By: Heather Mongilio

A bill in both chambers of the Maryland General Assembly would make intentional suffocation and strangulation a first-degree assault.

The bill submitted in the House of Delegates was introduced by Del. Jesse Pippy (R-Frederick and Carroll) and co-sponsored by every delegate from Frederick County. The Senate version is co-sponsored by Sen. Ron Young (D-Frederick).

Maryland is one of three states that have not specified strangulation as a first-degree assault or its own assault statute, said Joyce King, chief of staff in the Frederick County State’s Attorney’s Office. Strangulation is a common form of control in intimate partner violence and can have fatal consequences.

A person is 750 times more likely to kill their partner (not necessarily by strangulation) if they have strangled their partner before, according to the Training Institute on Strangulation Prevention.

Current Maryland law defines a first-degree assault as one that causes serious physical injury. While strangulation can cause serious injury — it takes less than three minutes to die by strangulation — it can be reduced to second-degree assault, said Brett Engler, an assistant state’s attorney who handles domestic violence cases in Frederick County.

Second-degree assault is a misdemeanor, which means the case can be expunged after 10 years, 15 years if it is marked as a domestic violence case, Engler said. A second-degree assault also carries a 10-year-maximum prison sentence, 15 years less than that for first-degree assault.

There has been past reluctance from legislators, King said, including concerns that the bill would include rough sex or bar fights. Including the word intentional eliminates suffocation or strangulation that might occur in a bar fight or during rough sex, King said.

Strangulation is not defined in the language being proposed, which is purposeful, King said. It matches the language included in the first-degree rape statute.

In general, strangulation is defined as blocking the arteries and airways through force, Engler said. It is not limited to putting a hand against someone’s throat.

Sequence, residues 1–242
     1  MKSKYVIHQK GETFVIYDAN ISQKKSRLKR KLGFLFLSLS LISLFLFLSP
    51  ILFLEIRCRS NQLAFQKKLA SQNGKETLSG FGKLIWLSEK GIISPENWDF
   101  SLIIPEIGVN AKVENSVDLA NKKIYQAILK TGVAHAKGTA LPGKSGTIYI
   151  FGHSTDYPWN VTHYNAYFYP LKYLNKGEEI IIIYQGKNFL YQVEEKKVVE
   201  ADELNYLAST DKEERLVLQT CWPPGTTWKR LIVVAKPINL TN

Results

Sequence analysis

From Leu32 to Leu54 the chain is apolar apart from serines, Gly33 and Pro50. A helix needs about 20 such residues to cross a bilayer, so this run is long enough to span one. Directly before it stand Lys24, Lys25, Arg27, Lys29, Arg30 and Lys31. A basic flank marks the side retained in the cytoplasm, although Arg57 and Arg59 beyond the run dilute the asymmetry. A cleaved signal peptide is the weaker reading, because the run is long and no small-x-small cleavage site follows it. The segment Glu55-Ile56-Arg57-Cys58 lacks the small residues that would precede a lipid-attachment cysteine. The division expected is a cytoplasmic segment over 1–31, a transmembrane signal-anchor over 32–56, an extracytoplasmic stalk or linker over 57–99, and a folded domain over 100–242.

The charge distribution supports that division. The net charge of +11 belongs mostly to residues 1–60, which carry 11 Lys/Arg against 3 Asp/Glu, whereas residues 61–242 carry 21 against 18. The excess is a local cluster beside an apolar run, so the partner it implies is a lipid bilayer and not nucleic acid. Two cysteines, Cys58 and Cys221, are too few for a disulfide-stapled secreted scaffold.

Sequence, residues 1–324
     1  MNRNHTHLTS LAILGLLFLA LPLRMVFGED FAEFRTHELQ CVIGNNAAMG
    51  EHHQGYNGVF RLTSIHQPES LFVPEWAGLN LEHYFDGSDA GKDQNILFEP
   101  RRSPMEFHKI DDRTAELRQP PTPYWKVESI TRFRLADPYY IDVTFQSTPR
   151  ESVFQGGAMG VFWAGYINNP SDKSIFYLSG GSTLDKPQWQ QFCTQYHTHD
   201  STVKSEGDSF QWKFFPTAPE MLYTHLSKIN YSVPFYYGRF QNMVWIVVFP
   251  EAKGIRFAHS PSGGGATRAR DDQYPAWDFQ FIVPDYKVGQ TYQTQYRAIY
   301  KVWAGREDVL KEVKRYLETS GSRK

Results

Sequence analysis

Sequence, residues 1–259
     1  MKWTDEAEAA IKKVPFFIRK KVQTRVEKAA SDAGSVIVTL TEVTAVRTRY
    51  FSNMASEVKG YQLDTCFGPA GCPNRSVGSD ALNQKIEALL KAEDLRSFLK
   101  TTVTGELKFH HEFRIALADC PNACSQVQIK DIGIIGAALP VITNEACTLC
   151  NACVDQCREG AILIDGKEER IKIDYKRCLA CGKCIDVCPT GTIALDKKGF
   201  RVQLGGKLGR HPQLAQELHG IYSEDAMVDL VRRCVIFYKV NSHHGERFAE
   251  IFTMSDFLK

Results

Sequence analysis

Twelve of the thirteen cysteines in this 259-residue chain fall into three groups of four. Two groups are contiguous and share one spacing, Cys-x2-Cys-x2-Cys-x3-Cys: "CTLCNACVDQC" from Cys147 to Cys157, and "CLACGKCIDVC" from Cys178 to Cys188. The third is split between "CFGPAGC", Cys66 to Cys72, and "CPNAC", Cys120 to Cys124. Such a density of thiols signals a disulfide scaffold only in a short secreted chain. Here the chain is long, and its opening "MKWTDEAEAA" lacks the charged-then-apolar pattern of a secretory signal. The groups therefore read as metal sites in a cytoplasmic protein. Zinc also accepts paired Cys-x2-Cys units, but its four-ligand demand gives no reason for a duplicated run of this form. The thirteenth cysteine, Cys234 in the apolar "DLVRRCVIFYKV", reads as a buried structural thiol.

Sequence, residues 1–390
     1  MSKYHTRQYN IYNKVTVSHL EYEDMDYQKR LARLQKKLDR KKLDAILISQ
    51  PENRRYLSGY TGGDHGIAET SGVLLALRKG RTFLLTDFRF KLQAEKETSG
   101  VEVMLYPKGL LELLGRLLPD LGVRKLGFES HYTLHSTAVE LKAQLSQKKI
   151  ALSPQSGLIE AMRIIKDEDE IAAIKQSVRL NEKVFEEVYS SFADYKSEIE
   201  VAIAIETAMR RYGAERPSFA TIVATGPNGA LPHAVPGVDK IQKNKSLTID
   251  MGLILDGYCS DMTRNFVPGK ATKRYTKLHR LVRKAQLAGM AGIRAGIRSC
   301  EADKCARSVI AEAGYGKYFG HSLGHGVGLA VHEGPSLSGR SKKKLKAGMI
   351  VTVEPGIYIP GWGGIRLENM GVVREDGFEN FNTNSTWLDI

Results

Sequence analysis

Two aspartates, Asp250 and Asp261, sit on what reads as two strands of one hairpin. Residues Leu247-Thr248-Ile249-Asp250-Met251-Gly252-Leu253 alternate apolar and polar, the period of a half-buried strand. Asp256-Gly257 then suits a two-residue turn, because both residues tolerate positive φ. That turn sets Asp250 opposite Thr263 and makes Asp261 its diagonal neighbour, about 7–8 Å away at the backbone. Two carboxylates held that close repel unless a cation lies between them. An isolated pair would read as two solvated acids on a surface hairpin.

Part of the pushback comes from legislators who argue that the first-degree assault statute already covers strangulation, Engler said. But from a prosecutor’s perspective, it is a necessary addition to first-degree assault, she said. Right now, cases where someone describes blacking out or loss of bladder control are charged as first-degree assault because those are considered near fatal.

“When you’re coming in front of a jury, nine times out of 10 you may not get that first-degree assault because it’s so difficult for a jury to understand,” Engler said.

Prosecutors rely on expert witnesses to explain to juries the severity of strangulation, she said. Adding strangulation to the first-degree assault statute would not remove that need, as the expert witnesses would still have to demonstrate that strangulation occurred.

Demonstrating lethality can be difficult, said Pamela Holtzinger, forensic nurse services program coordinator at Frederick Health Hospital. Holtzinger testifies in intimate partner violence cases.

“In our experience, the courts and juries have difficulty understanding the lethality and medical risks associated with the act of nonfatal strangulation,” she said in an email. “For too many of our patients, this is a near death experience (often without visible signs of injury). This type of law would serve to recognize that.”

Strangulation does not always leave bruising. That happens in about half of cases, The News-Post previously reported. It can be lethal days later if strangulation caused the artery to be torn or other lasting effects.

The bills will have hearings in their respective chambers at the end of the month. Although it is early, sponsors and advocates are hopeful the bill will pass.

The bill is “almost a no-brainer,” Young said.

“It’s something that’s been overlooked, and it’s pretty serious. … I mean, strangulation can kill you. And it’s not my bill, but it’s one I empathize with,” he said.

The bills have bipartisan sponsorship, which could be a sign that it will pass, said Del. Karen Lewis Young (D-Frederick), who co-sponsored the bill. She decided to sign on after hearing that strangulation disproportionately affects women. She said she was surprised it was not already law.

“This just seemed to be common sense,” she said.

Del. Dan Cox (R-Frederick and Carroll) also signed on. His office looks at ways to strengthen the criminal code, he said. But like Lewis Young, he said there are surprising omissions.

“And so as we’re going through the code, and we find certain horrific things that happened … in a case where you have a attempted strangulation or a suffocation, an intentional assault, and yet it’s not even considered a felony, so someone could just simply walk. That’s not appropriate,” Cox said. “I think we can find bipartisan support to make sure that the prison sentence and the crime is increased in those situations, because that’s truly a crime of violence.”

The only member of the Frederick County delegation to not sponsor the bill is Sen. Michael Hough (R-Frederick and Carroll). He said he did not see the bill and needed to review it.

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